Action Plan – Nigel Colbor’s essential works for your garden this week

Action Plan – Nigel Colbor’s essential works for your garden this week

  • Nigel Colbor says to plant two years in your borders for next year’s show
  • It is recommended to remove floating leaves from ponds daily using a wire plug
  • A UK-based gardener recommends cleaning your greenhouse


Show your boundaries

It’s time to plant two years in your borders for next year’s show. This applies to wall flowers, foxes, forget-me-nots, bronchodilators, and any plants that enter the flower after they have been sown.

If you grew your own two years from the seed sown earlier this year, they should now be strong little plants. Replace on a calm day and then water them well.

In severe weather, the roots (pictured right) and stocks should be kept in place to prevent the roots from being damaged. Along with other plants, take care of the roots, taking care of the soil. If the plants were sowing themselves, they would use overcrowded groups, using the ‘thin ones’ to store empty space. If I had forgotten that in the fall, I would not have done it.

English-based gardener Nigel Colburn shares his main advice as the season changes

Mold can often disturb them in wet, cold weather, so they only grow healthy young plants.

Pancakes and violets usually grow for up to two years. If you have self-seeding plants, replace seedlings or young plants for the winter or spring show. In fact, if you have many annual violets, those can be broken down and replanted.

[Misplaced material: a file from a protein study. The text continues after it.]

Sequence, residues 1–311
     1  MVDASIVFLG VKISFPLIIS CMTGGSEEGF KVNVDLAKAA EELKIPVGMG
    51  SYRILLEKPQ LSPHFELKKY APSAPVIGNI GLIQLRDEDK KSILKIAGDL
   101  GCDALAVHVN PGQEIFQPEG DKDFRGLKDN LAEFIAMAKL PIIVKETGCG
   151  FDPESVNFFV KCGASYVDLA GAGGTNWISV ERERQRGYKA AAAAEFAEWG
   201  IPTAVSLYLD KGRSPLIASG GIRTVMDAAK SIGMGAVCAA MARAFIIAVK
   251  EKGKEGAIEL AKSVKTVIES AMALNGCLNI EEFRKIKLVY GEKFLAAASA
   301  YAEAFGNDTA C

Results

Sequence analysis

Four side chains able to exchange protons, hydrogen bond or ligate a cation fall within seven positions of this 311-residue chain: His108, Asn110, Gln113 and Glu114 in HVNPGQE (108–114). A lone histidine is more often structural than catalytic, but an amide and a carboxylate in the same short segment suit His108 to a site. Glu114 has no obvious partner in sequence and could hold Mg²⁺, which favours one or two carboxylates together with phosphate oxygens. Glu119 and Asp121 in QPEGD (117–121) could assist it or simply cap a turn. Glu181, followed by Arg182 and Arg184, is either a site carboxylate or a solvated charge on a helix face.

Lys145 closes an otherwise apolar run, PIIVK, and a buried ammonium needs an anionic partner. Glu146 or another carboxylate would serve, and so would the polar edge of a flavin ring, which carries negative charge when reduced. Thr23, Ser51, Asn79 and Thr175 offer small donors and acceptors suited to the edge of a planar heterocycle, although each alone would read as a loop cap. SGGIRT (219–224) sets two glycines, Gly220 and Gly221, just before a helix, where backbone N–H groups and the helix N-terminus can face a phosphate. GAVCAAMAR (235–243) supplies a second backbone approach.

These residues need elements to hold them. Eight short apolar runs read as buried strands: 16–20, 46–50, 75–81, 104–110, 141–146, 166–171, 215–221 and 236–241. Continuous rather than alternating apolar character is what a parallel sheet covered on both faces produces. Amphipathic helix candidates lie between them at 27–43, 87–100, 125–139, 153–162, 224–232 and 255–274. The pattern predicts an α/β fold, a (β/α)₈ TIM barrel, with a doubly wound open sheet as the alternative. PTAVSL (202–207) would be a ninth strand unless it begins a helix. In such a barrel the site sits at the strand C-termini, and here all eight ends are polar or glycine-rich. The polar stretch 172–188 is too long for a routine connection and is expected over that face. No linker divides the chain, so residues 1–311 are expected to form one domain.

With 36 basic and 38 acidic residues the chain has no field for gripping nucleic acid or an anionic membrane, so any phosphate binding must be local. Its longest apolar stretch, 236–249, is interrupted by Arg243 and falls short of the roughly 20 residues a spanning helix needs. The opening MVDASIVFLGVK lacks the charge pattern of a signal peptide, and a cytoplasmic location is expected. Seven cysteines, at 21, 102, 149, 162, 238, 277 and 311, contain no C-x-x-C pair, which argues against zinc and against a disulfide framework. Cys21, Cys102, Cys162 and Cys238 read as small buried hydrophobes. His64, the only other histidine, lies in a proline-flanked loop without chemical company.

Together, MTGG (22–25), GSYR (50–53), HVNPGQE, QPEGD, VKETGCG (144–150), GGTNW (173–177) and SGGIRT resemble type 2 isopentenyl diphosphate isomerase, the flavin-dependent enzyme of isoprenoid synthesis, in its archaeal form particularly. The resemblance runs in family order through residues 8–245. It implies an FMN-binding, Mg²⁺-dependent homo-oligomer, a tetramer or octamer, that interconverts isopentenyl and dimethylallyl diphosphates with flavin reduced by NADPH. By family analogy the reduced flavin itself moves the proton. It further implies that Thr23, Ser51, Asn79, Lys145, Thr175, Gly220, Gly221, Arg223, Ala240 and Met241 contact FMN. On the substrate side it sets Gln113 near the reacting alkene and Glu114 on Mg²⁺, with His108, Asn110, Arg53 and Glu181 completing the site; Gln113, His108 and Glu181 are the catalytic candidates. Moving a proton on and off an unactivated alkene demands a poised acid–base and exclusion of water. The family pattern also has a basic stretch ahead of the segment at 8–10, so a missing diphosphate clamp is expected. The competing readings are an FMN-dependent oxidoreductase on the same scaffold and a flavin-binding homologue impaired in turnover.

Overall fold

Do plants grow annually? Calendula, Shirley puppies, burgundy? And self-seed. They survive many winters, so give them time to ripen as soon as possible if necessary.

Protecting your Pan Priest

When leaves begin to fall, try to get them out of your pond. Some people spread their nets in their ponds to catch leaves, but these can catch wild animals such as hedgehogs and birds. It is best to remove floating leaves daily using a wire mesh. Also remove any dead water lily leaves and dead plants.

Greenhouse Automatic Blaze

If you have a greenhouse, now is the time to clean it up. Doing so reduces the risk of pests and diseases. When summer crops are removed, clean the stairs and the greenhouse. Remove any shade to receive more light. As the days go by, any plants placed under glass need light.

Plant of the Week – Oak: Abandoned Hydrangea

The oak leaf hydrana (pictured) grows in partial shade

The oak leaf hydrana (pictured) grows in partial shade

There are many reasons for this beautiful American breed. Depending on the weather during the harvest season, a small oak-like color is left on the bronze-purple. They grow up to 15 feet[2.5 m]and grow to a height of 8 feet[2 m]. They turn creamy with age and turn white when they are young.

This forest floor is a shrub, which performs better in partial shade. It is preferable to be neutral in acid soils, but like most hydranas, H. corsifolia grows in all soils except pure limestone or limestone. Fully frost-resistant, prefers shelter.

Reader’s question

The bulbs in the nurse’s mound were crowded. Some can even be packed like apples. Do I have to split the shell and replant?

Mrs. J. Bosworth, Norfolk.

You can immediately plant ‘winds’. They will be fine and will bloom next year. Choose a sunny spot and plant deep to cover the edges.

It is only after flowering that the stems are picked up and divided. Official advice: Lift, split, and replant bulbs at least 10 cm apart in a fast-flowing, sunny place.

However, a nerne expert once told me that it never hurts. He collected the compressed bulbs and planted them.

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